Initially, it was free to post as much as you like, and Vivino quickly realised that offering a community based wine cataloging app for free doesn’t make them any money.
The platform and user activity did however give Vivino one of the biggest wine databases in the world.
Vivino’s Money Making Gambit
At some stage along the way was, I’m sure it was always part of the plan, Vivino went from a cataloguing app, to a ‘discovery marketplace’, where users could take a photo of a bottle, find out where it was sold, how much they should pay for it, and how much they were going to like it.
This data is valuable, and quickly provided Vivino with a considerably wider audience, massive in fact**, and the platform to offer retailers to list the wines for sale. In doing this it created an active marketplace to buy wines at the best price, right from within the app.
Their user base is huge in the US, but growing quickly in the UK, with many merchants offering their wine range for sale within the app, Vivino of course taking a commission on each sale.
Vivino of course sells the data, charges for advertising space, ‘tailored’ premium listings and all sorts of other behind the scenes activities all based around the information that you freely enter into their app.
How To Cope With Change
Have you ever taken part in one of those business away-days where Katherine Briggs from HR gets everyone to do one of those weird surveys, so that you can find out how you deal with business adaptability and teamwork?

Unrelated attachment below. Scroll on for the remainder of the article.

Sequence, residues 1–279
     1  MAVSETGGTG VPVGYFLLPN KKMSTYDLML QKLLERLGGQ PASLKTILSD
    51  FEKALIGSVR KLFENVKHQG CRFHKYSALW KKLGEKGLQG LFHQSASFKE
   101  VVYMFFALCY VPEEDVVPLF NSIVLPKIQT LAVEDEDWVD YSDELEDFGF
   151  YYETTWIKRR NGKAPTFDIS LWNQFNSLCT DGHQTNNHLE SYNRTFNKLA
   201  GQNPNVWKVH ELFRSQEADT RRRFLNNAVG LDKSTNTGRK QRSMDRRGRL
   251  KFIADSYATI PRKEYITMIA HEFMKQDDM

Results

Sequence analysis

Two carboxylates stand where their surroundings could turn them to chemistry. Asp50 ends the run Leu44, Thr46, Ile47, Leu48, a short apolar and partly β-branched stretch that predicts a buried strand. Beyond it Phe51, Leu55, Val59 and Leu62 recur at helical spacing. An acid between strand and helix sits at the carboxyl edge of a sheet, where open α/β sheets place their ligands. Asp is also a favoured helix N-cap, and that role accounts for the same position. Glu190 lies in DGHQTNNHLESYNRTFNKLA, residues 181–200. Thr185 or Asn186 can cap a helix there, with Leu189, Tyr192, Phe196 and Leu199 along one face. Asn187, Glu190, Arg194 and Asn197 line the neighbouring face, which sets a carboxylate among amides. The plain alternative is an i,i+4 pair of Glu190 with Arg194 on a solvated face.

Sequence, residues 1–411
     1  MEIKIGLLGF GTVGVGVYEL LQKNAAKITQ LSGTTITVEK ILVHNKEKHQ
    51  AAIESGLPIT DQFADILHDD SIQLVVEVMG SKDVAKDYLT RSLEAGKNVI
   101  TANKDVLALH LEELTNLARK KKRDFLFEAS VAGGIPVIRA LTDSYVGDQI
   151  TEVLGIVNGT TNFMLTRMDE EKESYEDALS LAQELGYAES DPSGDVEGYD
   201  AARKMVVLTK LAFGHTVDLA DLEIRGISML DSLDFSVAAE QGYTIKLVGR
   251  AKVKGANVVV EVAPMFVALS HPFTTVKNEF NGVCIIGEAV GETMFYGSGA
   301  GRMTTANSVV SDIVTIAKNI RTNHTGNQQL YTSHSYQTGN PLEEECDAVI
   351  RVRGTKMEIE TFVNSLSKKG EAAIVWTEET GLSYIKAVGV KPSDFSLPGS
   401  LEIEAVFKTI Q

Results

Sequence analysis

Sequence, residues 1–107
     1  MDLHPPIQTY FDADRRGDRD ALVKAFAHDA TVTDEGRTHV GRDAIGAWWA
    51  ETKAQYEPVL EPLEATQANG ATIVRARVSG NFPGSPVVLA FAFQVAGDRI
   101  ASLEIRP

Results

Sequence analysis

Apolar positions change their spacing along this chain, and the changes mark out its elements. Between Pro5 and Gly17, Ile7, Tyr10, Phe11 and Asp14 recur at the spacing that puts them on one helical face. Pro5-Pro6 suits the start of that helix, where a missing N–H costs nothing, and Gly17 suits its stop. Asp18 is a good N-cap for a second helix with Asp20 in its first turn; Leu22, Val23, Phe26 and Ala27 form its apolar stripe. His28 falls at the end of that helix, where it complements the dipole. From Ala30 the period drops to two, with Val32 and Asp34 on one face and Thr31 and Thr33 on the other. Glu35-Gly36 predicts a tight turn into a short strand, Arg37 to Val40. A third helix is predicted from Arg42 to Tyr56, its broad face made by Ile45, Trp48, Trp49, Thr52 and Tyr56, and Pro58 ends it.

You’ll know that some people embrace change, while others adapt and some simply resist.
Vivino isn’t going away, but we can all do well to listen to our customers, understand their buying habits and drive loyalty through community.
I’m not saying that that recommendations from Vivino are any good, they’re based on historic data.
Big, crowd sourced data often ends up with the most obvious choices rising to the top, while the cool stuff on the periphery gets missed, because it’s never going to please enough people to come first.
The same thing often happens in wine judging competitions, the more esoteric wines rarely win the gold medals.
Wine shops can play alongside Vivino, think laterally and creatively, showing their customers things they’ll like without the algorithm getting involved.
But, you’ve got to be in it to win it.
* There are SO many more.
** 50 million active users, 13 million wine listings, 500,000 daily wine bottle scans, and a ludicrous 1.5 BILLION photos of wine labels.
From Forbes Magazine.
“One day about seven years ago, Danish entrepreneur Heini Zachariassen found himself standing in front of an enormous wine shelf at his local supermarket and feeling, as he recalls, "stupid." He wanted to buy a bottle of wine, but he had no idea what was considered good. All he had to go on was how fancy the labels looked.”
From Harvard Business Review.
“Most crowdsourcing initiatives end up with an overwhelming amount of useless ideas. Why do many crowdsourced ideas turn out so bad, and what can firms do about it? Recent research finds that it comes down to understanding the motivations of crowd members.”